General Motors Co Chief Executive Mary Barra told investors on Wednesday that the automaker plans to double revenue by 2030, expanding profits from combustion vehicles even as it rolls out new electric vehicles and new digitally powered services to catch up with Tesla Inc.
GM said if it succeeds, annual revenue by 2030 would be about US$280-billion, and the automaker would be the leader in U.S. electric vehicle sales. Chief Financial Officer Paul Jacobson said GM expects pre-tax profit margins of 12 to 14 per cent, which could beat current levels. That would imply annual pre-tax profits of as much as $39-billion.
Jacobson said GM can fund US$9-billion to US$10-billion in annual capital spending for electric vehicles and other initiatives while returning money to shareholders.
“This won’t all happen at once,” Jacobson said.
GM projects its combustion vehicle business can grow even as annual electric vehicle revenues rise to US$90-billion by 2030 from US$10 billion projected in 2023, Jacobson told investors after markets closed. The company also plans to add US$80-billion from new businesses such as the Cruise autonomous vehicle ride service by 2030.
Barra has been campaigning to convince investors that General Motors can top Tesla in technology development and profitability as the auto industry navigates the most profound technology revolution since the mass-produced Ford Model T. She and other GM executives began a two-day series of presentations to investors at the automaker’s Technical Center in Warren, Michigan.
They said GM can transform itself “from automaker to platform innovator” – a reference to Silicon Valley digital platform companies such as Apple Inc that have far higher stock valuations than GM and other incumbent auto manufacturers.
Barra took the helm at GM in 2014 and at one point almost doubled the share price from a narrow band around its 2010 initial public offering price of $33. The shares rose after hours on Wednesday after closing at $53.93.
Still, GM’s market capitalization of about US$78-billion remains far behind Tesla’s US$773-billion market cap, reflecting investor skepticism that GM can match Tesla’s battery and software prowess.
Barra and GM President Mark Reuss outlined a plan for a transition to an all-electric fleet by 2035 that starts gradually, then accelerates after 2030, by which time more than half of GM’s factories in China and North America will be “capable of EV production.”
GM has said it aspires to produce nothing but electric vehicles by 2035. Reuss said that will depend on the “agility” of GM’s factories, which will build both combustion and electric vehicles.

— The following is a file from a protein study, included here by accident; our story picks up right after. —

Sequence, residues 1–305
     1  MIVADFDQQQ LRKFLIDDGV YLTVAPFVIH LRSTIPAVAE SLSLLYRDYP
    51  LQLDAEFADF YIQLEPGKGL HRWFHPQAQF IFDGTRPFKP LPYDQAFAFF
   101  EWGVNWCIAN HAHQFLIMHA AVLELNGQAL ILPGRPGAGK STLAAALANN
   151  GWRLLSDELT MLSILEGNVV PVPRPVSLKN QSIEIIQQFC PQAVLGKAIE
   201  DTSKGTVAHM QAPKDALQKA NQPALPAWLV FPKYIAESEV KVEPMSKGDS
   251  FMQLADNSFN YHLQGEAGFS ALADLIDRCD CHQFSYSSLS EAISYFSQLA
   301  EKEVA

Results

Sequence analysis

“We want to take the entire workforce along with us,” Barra said. She and Reuss insisted that GM’s current workforce and factories are assets, not liabilities. Electric vehicle startups are building new factories at great expense, she noted, while GM already has plants and people it can repurpose.
In 2022, GM plans to launch an electric version of its best-selling North American model, the Chevrolet Silverado pickup truck. Barra will unveil it at the CES technology show on Jan. 5, GM said. Suppliers have said that vehicle will be launched in late 2022.
“No one will be able to touch us in the electric truck space,” Reuss said.
Ford Motor Co, which is on track to beat GM to market with the battery-electric Ford F-150 Lightning early next year, recently said it will double capacity for the Lightning at its Dearborn, Michigan, factory. Ford plans even more electric F-150 production at a complex planned for Tennessee. Startup Rivian began production of its electric pickup last month.
Tesla has delayed the launch of its futuristic Cybertruck.
GM executives have been careful not to make a hard commitment to abandon internal combustion vehicles by 2035, saying that will depend on market demand and government policy.
Still, GM’s embrace of electrification has won over investors increasingly concerned about climate change. On Monday, hedge fund Engine No. 1 said GM had carved a leadership position on battery technology and had a lot of growth ahead.
GM also aims to expand profits from internal combustion vehicles, such as the Chevrolet Silverado large SUVs such as the Cadillac Escalade.
Barra has expressed confidence GM can build profitable, higher-margin software-driven services and capture new customers with electric vehicles, such as a $30,000 electric Chevrolet crossover wagon.
GM is majority owner of autonomous vehicle services company Cruise, and projects that company should deliver $50-billion in annual revenues by 2030. Last week, Cruise received licenses in California to begin accepting passengers, though it cannot yet charge for rides.
GM is also investing in the BrightDrop e-commerce delivery unit and insurance offered through its Onstar telematics brand. In all, GM said it is managing 20 startups to develop new lines of business.
Tesla’s impact was evident. GM said that by 2023 it will offer a new version of its Ultra Cruise hands-free driving system using sensors to enable hands-free driving in “95 per cent of all driving scenarios.”
Tesla Chief Executive Elon Musk has made similar claims for future versions of the electric automaker’s Autopilot technology.
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